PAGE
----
The same distributor sells reloading components but we will need to take into account certain facts like powder is sold by the pound so we will need to convert the cost. A pound translates to 7,000 grains so if your firearm likes 40 grains of brand X to propel this bullet, 100 rounds would take 4,000 grains to fill them. If the price of powder was $26.99 per pound, then 4,000 grains of it would cost $15.42 or so for 100 rounds.  Bullets were priced at $31.99 and match primers were priced at $4 per hundred. This only leaves the brass to price and by using the same brand as in the factory ammo, they were listed at $25.49 per 50 so $50.98 per 100 count. Let’s add them up to get $102.39 per 100 rounds or $1.02 or so per round. Compared to the factory round price, we’ve saved $61.56 or $0.62 a round.

 

Here is the next thing we need to take into account and that is we can reload the brass more than one time. Let’s figure that we can reload this brass 5 times and calculate for a 500 round count. Our cost of factory ammo went up to $819.75 and even though that is a lot of hunting rounds, it wouldn’t be out of line to have purchased them through a lifetime of hunting. Our cost of reloading, on the other hand, was reduced by $50.98 per hundred rounds because we are reusing the same brass over and over again. This makes reloading the next 400 rounds total $205.64 or $51.41 per hundred so in addition to our original cost of $102.39, this would give us a $308.03 total for 500 rounds. I don’t know about you but I can use that $511.72 we just saved to invest in another 500 rounds. By the way, if we could reload the brass another 5 times, the cost of 500 rounds would only be $257.05 for a total of $565.08 for 1,000 rounds. Compared to the $1,639.50 we would have used for factory ammo, we would have saved enough ($1074.42 in total) to purchase another firearm.  If I really wanted to gain some brownie points, I would take my wife out in style and maybe still have enough left over for lunch tomorrow. Good luck making the right decision on that last part!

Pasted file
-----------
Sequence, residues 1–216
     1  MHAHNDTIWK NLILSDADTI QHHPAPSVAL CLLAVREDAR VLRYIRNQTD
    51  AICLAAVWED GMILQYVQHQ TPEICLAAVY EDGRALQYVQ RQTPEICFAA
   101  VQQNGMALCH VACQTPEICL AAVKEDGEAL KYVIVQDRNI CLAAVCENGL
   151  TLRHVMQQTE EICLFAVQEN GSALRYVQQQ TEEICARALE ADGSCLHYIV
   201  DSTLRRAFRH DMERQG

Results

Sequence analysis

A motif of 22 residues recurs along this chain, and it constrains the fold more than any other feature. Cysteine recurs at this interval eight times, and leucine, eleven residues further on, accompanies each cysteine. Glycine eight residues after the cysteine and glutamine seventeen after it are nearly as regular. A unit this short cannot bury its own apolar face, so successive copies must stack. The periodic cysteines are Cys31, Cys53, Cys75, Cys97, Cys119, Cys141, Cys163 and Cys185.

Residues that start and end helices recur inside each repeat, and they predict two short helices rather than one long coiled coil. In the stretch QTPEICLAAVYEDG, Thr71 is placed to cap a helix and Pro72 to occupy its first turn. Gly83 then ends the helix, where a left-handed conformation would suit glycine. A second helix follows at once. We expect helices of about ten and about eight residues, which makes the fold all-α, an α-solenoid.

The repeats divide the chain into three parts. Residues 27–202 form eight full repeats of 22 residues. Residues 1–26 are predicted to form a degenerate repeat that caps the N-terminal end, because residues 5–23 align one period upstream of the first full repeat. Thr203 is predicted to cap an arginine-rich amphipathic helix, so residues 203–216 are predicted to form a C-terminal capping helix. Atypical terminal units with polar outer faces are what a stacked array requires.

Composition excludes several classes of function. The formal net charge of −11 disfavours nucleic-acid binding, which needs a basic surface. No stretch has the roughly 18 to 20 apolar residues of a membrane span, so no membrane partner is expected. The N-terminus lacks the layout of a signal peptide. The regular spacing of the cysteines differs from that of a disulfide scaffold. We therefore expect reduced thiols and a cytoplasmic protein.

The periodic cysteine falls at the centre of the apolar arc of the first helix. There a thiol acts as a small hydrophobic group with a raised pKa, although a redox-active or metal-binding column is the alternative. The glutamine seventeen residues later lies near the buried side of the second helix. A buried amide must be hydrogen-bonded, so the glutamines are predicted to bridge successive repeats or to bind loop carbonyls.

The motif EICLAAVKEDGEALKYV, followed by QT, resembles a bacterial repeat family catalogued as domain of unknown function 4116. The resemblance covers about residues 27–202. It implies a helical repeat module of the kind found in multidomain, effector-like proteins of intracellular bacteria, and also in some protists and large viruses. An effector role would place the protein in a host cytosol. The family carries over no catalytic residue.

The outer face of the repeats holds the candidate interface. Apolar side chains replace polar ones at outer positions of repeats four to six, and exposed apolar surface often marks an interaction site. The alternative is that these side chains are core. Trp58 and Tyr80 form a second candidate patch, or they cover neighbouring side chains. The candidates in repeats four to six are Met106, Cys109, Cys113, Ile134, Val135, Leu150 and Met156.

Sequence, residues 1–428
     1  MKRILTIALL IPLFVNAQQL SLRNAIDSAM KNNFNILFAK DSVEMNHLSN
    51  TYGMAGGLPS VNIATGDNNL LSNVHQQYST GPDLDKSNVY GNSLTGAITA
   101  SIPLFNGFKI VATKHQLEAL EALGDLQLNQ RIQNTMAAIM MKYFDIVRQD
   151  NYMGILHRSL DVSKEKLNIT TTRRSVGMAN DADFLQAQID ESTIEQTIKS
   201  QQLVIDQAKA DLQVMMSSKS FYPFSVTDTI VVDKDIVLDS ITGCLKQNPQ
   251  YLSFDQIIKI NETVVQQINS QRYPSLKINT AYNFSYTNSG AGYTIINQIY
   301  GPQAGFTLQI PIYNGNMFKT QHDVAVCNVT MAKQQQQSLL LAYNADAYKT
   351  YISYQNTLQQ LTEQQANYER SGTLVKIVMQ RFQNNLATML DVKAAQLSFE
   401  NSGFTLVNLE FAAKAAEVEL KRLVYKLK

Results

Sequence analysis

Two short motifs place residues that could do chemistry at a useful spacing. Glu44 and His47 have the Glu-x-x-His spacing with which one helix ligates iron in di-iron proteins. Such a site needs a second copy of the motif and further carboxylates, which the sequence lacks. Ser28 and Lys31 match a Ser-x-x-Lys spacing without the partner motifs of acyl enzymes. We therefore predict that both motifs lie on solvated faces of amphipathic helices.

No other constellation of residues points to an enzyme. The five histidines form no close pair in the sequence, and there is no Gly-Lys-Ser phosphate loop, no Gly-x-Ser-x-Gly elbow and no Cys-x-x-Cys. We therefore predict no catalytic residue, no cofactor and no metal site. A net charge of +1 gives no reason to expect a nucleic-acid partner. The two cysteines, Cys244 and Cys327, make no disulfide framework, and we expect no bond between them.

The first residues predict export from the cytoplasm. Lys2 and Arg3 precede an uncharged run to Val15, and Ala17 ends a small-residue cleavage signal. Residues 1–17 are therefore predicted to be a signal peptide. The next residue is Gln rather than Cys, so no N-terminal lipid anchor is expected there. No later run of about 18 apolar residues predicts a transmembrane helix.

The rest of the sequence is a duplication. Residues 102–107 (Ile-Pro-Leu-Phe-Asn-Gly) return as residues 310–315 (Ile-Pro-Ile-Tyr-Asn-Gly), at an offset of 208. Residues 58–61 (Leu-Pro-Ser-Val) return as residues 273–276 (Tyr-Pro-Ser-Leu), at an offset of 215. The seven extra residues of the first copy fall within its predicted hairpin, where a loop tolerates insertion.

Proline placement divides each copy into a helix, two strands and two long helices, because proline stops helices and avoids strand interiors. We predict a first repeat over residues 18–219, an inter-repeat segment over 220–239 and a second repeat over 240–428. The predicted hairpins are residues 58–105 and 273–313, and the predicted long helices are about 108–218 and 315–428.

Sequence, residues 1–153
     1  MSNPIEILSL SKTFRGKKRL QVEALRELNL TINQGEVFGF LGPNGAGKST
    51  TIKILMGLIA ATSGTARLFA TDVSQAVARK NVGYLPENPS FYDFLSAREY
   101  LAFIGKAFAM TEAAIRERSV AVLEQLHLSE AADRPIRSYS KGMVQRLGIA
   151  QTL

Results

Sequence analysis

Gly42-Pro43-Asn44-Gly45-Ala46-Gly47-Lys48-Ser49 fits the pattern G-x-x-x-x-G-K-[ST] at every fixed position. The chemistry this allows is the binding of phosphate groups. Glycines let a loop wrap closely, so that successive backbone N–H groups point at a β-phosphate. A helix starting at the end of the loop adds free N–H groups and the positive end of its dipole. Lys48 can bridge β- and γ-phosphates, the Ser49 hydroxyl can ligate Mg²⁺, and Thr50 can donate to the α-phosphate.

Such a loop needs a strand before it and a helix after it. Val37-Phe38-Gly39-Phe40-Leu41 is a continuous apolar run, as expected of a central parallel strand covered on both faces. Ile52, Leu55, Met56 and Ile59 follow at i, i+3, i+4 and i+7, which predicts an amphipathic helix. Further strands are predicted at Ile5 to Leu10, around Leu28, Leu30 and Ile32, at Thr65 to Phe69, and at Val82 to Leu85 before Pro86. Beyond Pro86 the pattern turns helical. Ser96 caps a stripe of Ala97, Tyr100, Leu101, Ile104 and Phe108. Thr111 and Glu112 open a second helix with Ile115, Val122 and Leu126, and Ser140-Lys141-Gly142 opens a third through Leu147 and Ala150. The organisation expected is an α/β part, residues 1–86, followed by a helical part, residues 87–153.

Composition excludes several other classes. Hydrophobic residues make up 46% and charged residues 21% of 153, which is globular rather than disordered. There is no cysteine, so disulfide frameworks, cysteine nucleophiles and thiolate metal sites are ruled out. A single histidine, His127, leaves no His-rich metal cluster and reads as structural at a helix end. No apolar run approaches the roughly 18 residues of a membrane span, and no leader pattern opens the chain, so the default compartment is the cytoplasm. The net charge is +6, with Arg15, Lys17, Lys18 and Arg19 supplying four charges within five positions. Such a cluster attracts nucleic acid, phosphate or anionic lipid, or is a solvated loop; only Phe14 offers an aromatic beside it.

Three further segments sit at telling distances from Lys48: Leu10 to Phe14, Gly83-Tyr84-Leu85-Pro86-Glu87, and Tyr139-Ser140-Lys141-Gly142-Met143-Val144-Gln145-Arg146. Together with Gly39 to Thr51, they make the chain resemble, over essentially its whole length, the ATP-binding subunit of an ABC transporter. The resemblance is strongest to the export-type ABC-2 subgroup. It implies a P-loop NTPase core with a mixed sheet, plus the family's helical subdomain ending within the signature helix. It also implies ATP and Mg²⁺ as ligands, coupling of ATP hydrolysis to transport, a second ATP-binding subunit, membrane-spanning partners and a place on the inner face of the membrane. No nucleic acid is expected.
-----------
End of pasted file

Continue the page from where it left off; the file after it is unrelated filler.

Posted in Reloading | Tagged , , , , | 24 Comments

Callin’ All Critters

Written by Ballistic Technician Duane Siercks

Back last fall I received a phone call from a customer, Paul, asking for information   concerning a particular rifle he had purchased. As the conversation moved along, we visited at length about this rifle.  I mentioned that I had purchased one also and was interested to hear how his was doing as he worked up some loads, as I had not yet had the opportunity to work with mine. He also mentioned that he did a lot of predator control by calling them in. As this has always been an interesting subject for me, I questioned him further. He proceeded to give me a lot of pointers and information. The time came that the call ended with a promise he would certainly get back to me about his load development results.

A couple of weeks or so later, he called back with some excellent news on the results he was getting from the information that I had passed along. As we were getting ready to end the call he mentioned an event that he was hosting in a couple of months. As I got more info from him, he wanted to know if I could attend as a company representative. I was hooked. I wanted to see what this was all about. The date was set for January 15, 2017.

As the time approached, we were slated to receive the Icegeddon event with several inches of ice and sleet predicted. Paul phoned me and sadly stated that he had to cancel, but he was re-scheduling for February 4th and 5th. I told him I would be there.

The event was held on private property just outside of Goreville, Il. On the morning of the 4th we arrived to a brisk morning temperature of 11 degrees. A brief event meeting was held giving event material and instructions.  At the official start time, 37 two-man teams departed to begin the hunting phase of the Southern Illinois Predator Challenge 2017. We were able to visit with many of the teams and get more familiar with the type of hunting that they do. The art of calling a coyote to various different calls and vocalizations is quite a feat. The hunt would end the next day, (Feb. 5th) at which time the participants would return with the coyotes that had been harvested.  Official check-ins began and winners were determined. There was an after-the-hunt chili dinner given by the host at a club building where the winners were announced, door prizes awarded and recognition was given to the event sponsors of which Sierra Bullets was proud to be part of.